Everyone has good days and bad days. No matter what your age or profession or location, some days are just better than others.
As a relatively new stay-at-home mom, I’m finding myself acutely aware of the good days and the bad . Some days feel like they are the longest days of my life and other days go so quickly that it leaves me spinning.
As much as I love being at home with my little people, this work is not easy work, and even on the best days I sometimes find myself fantasizing about an office with a desk that isn’t sticky from little fingers or covered in elusive scraps of play doh or, heaven help me, a bathroom with a locking door.
Based on the stereotype about the dependency of moms on wine, I don’t think I’m alone.
A few months ago, I read something that prompted a different perspective on the good and bad days of motherhood. I don’t remember where I read it or what the exact point of the article was, but what I took away from it has stuck with me ever since.
When I reflect on how the day went, rather than simply considering my own perspective, I try to see the day through the eyes of my children. In their opinion, how did the day go?
I may have felt super productive, checking things off my list and cleaning up the house and making a healthy meal while she wished she had had somebody to play Monopoly with. Or perhaps I worried I had been lazy, sprawled on the floor of the living room with the baby for most of the afternoon while the mountains of laundry and dishes piled around us, but she loved having mom just “hang out” for a while. Maybe my attempts at Pinterest projects together made her day or maybe it exhausted her. Maybe the day where I felt bad for hardly seeing her at all was her favorite day of independent playing in the back yard.
I am starting to love the practice of reflecting back on their day, even if I’m usually just guessing in my attempts to empathize with what they would have loved or hated. We still have the usual conversation about how their day was. But lately I am very aware of how hard it is for little people to summarize and articulate the highs and lows of an entire day, even for my verbally inclined five year old. Kids don’t always use words to communicate with us. Taking the time to try to put myself in their shoes helps me pick up on more of what they are telling me without saying it.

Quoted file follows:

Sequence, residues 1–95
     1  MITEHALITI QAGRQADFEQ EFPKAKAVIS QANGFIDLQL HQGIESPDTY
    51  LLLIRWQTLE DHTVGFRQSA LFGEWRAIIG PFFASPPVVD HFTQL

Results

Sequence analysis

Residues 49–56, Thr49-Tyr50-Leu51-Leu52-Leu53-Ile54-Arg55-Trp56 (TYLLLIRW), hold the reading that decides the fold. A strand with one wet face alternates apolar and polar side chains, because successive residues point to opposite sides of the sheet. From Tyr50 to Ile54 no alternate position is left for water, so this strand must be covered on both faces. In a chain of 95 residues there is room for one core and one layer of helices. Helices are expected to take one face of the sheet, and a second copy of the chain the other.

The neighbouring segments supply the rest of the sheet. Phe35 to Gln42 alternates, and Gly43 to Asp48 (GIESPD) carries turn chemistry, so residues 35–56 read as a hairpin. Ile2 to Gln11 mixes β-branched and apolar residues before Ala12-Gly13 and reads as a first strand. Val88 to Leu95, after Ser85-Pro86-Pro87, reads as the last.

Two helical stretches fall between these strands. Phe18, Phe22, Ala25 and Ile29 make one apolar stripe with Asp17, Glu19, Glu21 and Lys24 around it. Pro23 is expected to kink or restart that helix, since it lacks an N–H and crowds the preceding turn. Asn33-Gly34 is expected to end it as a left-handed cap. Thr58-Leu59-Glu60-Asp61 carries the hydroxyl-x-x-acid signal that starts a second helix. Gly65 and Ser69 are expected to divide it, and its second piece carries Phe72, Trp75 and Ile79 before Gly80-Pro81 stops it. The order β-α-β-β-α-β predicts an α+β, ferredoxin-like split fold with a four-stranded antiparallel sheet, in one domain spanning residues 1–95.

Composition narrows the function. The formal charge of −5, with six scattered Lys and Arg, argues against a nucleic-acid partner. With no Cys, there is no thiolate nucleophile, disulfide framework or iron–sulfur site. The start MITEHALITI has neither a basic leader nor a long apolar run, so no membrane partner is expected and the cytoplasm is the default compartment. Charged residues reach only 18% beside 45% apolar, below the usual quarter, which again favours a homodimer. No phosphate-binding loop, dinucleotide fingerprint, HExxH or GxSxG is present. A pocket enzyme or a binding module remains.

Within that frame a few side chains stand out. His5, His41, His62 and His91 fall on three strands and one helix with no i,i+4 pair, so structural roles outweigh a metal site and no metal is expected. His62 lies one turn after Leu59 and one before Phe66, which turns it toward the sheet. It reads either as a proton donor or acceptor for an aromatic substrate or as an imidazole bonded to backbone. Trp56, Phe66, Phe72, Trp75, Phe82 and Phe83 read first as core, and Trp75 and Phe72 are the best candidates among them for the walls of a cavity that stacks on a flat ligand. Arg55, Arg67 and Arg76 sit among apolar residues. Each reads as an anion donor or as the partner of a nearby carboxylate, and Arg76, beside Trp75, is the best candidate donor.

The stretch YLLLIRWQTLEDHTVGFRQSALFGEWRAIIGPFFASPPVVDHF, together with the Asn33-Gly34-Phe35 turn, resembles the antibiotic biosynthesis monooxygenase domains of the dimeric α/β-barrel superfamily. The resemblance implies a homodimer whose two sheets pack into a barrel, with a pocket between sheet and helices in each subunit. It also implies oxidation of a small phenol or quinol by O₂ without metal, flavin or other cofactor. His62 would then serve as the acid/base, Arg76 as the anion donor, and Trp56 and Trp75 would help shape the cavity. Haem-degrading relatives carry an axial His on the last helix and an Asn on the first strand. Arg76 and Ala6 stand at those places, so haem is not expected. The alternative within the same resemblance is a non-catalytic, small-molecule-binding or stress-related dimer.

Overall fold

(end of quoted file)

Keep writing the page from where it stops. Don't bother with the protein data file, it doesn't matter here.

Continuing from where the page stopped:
I’ve even started the practice with my six month old. Was she tired? Did we get some snuggle time or were we rushing from one activity to the next? Did a new food or a tooth or an overstimulating experience have an impact on her day?
For me, the point of this reflective practice isn’t necessarily about drastic changes. My parenting style doesn’t involve trying to cater every day so that it’s their “best day ever”. Bad days happen and getting through them together is how we build resiliency.
But I have noticed that the practice makes me more present with my children. Rather than being wrapped up in my own head, I’m paying more attention to the little moments, to the things that could make an impact, for better or worse. It makes me think twice before I lose my temper, slow down to look her in the eye when she talks to me, snuggle the baby a few minutes longer, and put down the chores long enough to make time for at least one game of monopoly. Because sometimes one little moment can be the difference between a good and a bad day.
And usually, it really is that simple. If i’m having one of those mommyhood days that feel harder than they should, rather than let the crumminess of the day seep through the entire house, I take a moment to check in and see what I can do to make a positive difference in their day. It’s usually as easy as sitting down for a snack together or snuggling in the chair or playing legos for a few minutes.
And somehow, as if by magic, whatever it was that seemed so bad about my day doesn’t seem so bad anymore.